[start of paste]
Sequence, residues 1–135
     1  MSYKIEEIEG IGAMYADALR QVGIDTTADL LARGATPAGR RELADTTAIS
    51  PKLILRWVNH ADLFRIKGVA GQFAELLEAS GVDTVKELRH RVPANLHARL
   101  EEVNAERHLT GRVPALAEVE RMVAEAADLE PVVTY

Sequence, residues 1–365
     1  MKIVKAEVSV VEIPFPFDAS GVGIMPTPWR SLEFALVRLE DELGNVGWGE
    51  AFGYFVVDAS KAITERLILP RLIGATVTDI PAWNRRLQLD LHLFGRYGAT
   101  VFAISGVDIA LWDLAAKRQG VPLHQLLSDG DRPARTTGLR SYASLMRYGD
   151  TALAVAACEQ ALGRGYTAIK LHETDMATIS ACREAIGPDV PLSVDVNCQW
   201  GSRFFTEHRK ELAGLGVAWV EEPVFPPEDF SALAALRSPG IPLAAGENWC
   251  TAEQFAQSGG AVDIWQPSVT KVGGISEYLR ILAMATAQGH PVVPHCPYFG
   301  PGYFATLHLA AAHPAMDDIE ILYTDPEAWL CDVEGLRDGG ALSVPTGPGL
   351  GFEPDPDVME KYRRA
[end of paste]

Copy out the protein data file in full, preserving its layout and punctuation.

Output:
Sequence, residues 1–135
     1  MSYKIEEIEG IGAMYADALR QVGIDTTADL LARGATPAGR RELADTTAIS
    51  PKLILRWVNH ADLFRIKGVA GQFAELLEAS GVDTVKELRH RVPANLHARL
   101  EEVNAERHLT GRVPALAEVE RMVAEAADLE PVVTY

Sequence, residues 1–365
     1  MKIVKAEVSV VEIPFPFDAS GVGIMPTPWR SLEFALVRLE DELGNVGWGE
    51  AFGYFVVDAS KAITERLILP RLIGATVTDI PAWNRRLQLD LHLFGRYGAT
   101  VFAISGVDIA LWDLAAKRQG VPLHQLLSDG DRPARTTGLR SYASLMRYGD
   151  TALAVAACEQ ALGRGYTAIK LHETDMATIS ACREAIGPDV PLSVDVNCQW
   201  GSRFFTEHRK ELAGLGVAWV EEPVFPPEDF SALAALRSPG IPLAAGENWC
   251  TAEQFAQSGG AVDIWQPSVT KVGGISEYLR ILAMATAQGH PVVPHCPYFG
   301  PGYFATLHLA AAHPAMDDIE ILYTDPEAWL CDVEGLRDGG ALSVPTGPGL
   351  GFEPDPDVME KYRRA